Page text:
Party Favors

Hey NC, Oregon Says You Don’t Have To Be A Total Homophobe To Be Republican

With their party shriveling on the vine in the Beaver State, the Oregon GOP voted to delete anti-marriage-quality and anti-civil-union language from its 2012 platform, in addition to removing wording that described gay couples as unfit parents.

State party spokesman Greg Leo told Oregon Live, “We want the public to take another look at the Republican Party and our policies. It’s fair to say we’re more centrist.”

Well it’d be almost impossible to move any further in the other direction, wouldn’t it, Greg?

Even with Oregonians leaning more and more Democratic—the party has owned the Governor’s office for 24 years—the changes to the platform barely squeaked by.  Xander Almeida, who introduced the motion, said it was “first shot down 2-1 by a caucus of members focusing on the ‘family’ section of the platform.” But party chairman Allen Alley told him to bring the measure to a full floor vote, where it passed with a bare majority of the 230 delegates who attended.

Hey, we’ll take what we can get.


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  • Riker

    Now, how long will it be before Little Kiwi and the other gay liberals show up to chirp about how Republicans hate us?

  • Elloreigh

    @Riker: Maybe not all Republicans hate us, but the party as a whole cannot be honestly portrayed as supporting our equality. Anyone who thinks otherwise is being dishonest with themselves.

    The plain fact is that gay-neutral/gay-friendly Republicans serving in public office are very much a minority in the party. As a result, I will not vote for a Republican – no matter how gay-positive they claim to be – because it’s clear to me that they don’t make a difference. Argue all you like that they keep the more radical members in check or that their behind the scenes work matters. I frankly don’t care. Until I see it manifested in the party actually moving away from the tin-foil hats, dominionists and regressives, they aren’t getting my money or my vote.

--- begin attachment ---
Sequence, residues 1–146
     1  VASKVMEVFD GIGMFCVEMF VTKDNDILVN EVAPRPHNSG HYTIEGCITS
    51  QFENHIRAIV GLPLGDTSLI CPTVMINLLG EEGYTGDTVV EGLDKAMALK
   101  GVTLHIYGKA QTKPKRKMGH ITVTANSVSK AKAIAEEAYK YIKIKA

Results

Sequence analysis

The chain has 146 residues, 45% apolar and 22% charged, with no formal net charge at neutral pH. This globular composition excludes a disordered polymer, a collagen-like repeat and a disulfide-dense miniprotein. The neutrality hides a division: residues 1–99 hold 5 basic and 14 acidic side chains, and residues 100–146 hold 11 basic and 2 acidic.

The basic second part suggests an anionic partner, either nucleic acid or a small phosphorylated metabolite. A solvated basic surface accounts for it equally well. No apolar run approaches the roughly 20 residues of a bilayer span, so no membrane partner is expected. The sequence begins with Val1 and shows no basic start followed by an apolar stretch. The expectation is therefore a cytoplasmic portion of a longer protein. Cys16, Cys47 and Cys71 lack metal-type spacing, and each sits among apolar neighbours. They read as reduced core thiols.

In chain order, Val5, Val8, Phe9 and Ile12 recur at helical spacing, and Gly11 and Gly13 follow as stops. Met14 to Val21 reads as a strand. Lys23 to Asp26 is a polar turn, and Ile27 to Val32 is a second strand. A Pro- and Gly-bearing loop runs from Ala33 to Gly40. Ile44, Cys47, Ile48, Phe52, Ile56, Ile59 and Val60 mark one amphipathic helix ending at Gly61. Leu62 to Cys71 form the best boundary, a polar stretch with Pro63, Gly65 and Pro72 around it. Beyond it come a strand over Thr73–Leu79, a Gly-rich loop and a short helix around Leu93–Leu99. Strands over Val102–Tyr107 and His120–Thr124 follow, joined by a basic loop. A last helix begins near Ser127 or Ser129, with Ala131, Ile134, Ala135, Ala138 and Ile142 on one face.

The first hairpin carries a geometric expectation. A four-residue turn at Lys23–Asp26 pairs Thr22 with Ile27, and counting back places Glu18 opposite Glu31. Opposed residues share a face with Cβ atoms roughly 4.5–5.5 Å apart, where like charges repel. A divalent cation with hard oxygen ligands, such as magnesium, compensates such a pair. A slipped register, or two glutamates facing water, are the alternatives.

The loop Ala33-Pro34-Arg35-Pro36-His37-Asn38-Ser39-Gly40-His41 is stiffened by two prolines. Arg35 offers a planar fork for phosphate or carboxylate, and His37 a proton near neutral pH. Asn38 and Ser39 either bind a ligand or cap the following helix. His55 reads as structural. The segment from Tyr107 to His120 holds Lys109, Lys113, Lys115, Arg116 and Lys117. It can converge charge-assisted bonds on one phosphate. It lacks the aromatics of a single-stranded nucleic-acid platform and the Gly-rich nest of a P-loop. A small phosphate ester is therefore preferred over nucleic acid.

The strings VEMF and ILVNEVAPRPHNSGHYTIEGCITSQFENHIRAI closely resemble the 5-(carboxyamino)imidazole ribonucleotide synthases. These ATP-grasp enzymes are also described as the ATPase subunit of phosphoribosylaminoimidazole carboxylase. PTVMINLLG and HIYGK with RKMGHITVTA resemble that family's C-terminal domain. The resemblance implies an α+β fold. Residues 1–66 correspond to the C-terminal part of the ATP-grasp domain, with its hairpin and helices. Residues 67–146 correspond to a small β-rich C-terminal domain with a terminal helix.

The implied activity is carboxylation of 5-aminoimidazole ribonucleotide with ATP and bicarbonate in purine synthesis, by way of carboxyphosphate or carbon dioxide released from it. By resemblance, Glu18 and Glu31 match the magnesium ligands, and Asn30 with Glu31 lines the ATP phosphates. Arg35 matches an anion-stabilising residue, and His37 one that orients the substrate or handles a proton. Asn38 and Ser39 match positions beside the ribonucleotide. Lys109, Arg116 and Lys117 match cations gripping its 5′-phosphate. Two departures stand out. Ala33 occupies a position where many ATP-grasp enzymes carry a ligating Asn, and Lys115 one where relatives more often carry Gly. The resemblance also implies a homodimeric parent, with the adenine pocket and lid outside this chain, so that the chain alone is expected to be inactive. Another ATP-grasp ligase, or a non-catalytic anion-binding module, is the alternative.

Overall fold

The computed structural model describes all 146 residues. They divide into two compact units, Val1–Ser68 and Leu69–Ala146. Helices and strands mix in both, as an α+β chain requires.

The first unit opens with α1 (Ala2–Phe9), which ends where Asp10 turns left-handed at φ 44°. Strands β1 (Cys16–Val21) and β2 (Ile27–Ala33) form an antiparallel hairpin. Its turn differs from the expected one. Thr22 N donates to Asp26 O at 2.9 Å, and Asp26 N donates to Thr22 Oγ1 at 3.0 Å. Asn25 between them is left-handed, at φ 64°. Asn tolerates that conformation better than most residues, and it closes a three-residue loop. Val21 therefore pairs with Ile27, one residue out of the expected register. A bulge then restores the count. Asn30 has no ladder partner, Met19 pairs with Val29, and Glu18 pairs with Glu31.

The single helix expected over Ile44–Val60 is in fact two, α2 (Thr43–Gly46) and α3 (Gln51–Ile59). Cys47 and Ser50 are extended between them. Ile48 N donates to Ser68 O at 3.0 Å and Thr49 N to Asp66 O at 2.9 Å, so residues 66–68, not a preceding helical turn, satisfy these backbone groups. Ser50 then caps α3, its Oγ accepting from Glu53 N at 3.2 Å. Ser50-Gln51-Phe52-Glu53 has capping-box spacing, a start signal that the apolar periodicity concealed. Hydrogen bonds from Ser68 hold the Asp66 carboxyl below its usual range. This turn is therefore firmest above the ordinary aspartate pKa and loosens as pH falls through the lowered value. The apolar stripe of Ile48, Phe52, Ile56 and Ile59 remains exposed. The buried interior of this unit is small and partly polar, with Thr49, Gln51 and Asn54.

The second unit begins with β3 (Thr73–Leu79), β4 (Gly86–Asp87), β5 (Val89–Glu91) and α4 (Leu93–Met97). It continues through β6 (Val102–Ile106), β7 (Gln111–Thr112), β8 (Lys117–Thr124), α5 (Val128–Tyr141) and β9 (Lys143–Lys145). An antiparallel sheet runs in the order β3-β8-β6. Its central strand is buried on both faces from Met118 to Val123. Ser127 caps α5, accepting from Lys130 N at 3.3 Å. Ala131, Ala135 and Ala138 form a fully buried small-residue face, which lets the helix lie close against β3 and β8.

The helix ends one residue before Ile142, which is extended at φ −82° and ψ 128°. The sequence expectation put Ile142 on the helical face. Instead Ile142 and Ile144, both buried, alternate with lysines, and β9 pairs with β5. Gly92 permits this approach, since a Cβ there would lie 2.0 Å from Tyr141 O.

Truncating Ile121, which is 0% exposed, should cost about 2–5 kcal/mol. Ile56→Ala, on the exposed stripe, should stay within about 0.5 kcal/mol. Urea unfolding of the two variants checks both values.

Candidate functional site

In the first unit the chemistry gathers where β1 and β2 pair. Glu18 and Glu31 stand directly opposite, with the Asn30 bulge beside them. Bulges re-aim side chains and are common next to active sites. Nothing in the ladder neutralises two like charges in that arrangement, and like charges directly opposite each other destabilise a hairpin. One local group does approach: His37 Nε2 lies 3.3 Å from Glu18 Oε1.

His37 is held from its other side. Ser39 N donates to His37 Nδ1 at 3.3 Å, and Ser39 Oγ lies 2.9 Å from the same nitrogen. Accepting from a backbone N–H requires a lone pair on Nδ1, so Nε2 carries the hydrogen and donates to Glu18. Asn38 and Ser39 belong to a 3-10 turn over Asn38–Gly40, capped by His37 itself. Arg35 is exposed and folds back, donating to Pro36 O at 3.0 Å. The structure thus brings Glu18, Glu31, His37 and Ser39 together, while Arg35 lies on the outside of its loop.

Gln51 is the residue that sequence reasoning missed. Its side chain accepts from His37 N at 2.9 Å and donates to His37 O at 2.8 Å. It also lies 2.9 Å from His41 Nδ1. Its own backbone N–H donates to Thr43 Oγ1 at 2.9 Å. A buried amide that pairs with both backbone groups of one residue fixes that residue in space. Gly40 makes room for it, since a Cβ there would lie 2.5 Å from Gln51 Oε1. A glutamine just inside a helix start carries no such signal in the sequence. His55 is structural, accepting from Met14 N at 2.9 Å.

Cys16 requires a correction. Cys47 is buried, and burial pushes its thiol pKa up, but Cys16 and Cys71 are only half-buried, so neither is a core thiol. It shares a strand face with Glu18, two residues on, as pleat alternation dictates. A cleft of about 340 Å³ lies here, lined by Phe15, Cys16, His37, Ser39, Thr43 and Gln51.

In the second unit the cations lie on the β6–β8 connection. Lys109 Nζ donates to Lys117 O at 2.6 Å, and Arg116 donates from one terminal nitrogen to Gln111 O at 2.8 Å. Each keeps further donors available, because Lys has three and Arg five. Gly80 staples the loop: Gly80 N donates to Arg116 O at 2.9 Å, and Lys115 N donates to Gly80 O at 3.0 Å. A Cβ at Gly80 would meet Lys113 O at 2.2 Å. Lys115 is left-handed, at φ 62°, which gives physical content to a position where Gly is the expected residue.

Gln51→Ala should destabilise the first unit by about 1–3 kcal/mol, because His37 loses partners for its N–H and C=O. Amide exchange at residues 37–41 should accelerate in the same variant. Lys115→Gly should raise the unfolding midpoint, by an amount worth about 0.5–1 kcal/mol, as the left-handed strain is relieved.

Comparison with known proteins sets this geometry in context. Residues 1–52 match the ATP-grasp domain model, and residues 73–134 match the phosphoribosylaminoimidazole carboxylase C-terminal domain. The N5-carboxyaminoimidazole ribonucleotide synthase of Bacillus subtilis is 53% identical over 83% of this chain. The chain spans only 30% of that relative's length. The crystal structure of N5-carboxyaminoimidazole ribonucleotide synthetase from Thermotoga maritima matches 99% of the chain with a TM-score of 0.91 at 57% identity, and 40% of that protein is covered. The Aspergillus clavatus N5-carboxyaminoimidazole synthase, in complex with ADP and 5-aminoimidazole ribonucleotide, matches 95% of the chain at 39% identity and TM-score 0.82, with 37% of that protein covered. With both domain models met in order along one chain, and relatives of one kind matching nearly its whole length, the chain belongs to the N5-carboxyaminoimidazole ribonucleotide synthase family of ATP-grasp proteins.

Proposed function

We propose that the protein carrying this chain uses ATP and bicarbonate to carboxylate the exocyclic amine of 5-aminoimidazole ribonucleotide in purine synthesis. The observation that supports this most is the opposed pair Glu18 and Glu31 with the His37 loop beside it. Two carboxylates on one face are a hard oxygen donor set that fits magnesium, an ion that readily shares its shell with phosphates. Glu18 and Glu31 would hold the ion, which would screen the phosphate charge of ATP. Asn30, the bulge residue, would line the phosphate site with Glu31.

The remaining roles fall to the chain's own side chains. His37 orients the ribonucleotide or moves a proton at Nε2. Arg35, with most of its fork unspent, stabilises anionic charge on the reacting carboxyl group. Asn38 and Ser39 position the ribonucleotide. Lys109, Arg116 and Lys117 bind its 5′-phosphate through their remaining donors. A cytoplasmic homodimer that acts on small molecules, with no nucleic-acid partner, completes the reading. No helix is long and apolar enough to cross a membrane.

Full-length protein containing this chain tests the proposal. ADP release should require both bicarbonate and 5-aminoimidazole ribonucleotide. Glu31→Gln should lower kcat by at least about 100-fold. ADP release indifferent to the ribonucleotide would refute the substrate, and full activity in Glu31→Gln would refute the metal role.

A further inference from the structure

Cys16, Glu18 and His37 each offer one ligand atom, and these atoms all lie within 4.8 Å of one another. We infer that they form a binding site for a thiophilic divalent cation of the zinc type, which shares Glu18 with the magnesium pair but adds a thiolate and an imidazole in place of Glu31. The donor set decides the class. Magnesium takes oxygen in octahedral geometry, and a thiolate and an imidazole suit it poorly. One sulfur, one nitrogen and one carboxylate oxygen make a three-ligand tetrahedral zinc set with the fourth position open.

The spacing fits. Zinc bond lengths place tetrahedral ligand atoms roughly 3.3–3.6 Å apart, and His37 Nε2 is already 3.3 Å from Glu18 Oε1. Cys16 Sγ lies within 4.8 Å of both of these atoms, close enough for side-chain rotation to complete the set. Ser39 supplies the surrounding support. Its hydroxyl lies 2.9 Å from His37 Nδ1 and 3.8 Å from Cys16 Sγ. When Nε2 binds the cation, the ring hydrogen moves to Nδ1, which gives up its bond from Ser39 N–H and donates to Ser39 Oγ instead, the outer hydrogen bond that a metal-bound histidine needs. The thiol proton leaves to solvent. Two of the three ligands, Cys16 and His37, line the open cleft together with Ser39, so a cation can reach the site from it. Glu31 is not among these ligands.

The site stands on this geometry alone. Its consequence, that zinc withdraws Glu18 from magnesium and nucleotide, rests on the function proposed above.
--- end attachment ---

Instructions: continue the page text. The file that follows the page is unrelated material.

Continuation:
And no – I’m not a fan of Democrats either, so save your breath. If my only choice is between the two, I’m going with the party that is less likely to end up sending me to the gas ovens in the name of their God.

  • Skeloric

    Just because some Republican smiles and says he is my friend and now supports my issues does not get that political party a free pass.
    The NATIONAL platform is still pretty much the very agendas that America entered WWII to oppose.
    I’ll not accept this “trojan horse” as some have called it.
    We are entering the era where people publicly claim to be our friend yet privately remain our enemies.
    I WILL NOT accept the wolf that has taken to wearing the fur of a sheep.

  • the crustybastard


    Yes, the Democratic party — as a whole — can honestly be portrayed as “supporting our equality.” But what has that “support” accomplished for us? The military gay ban, DOMA, no ENDA, and basically fuck all is what. Some really nice speeches. Whoopdiedoo.

    Until they start working together as a party, “Democrat” is really nothing more than a slightly better brand. So I’ll prefer the politician who will actually help me over a politician with the “right label” every goddam time.

    But the reality is this: we haven’t won, and we’re not going to win playing politics. Only majorities are represented in legislatures, and when it comes to the public vote our Christian neighbors will never love us as they love themselves. It sucks, but that’s the way it is.

    Our wins happen inside courtrooms when we’re provided an impartial judge, a level playing field, and issues are decided on the merits.

  • doug105

    Do they all hate us no but given the number that think we should be put to death I wouldn’t trust one behind me with a knife.
    Which is the only reason I could never join the log cabin republicans .

  • Riker

    @Elloreigh: Gay-friendly Republicans don’t make a difference? Tell that to State Senators Jim Alesi, Mark Grisanti, Roy McDonald and Stephen Saland, without whom we would not have same-sex marriage in New York. Or to Senators Scott Brown, Richard Burr, Susan Collins, John Ensign, Mark Kirk, Lisa Murkowski, Olympia Snowe and George Voinovich, without whom DADT would still be in force.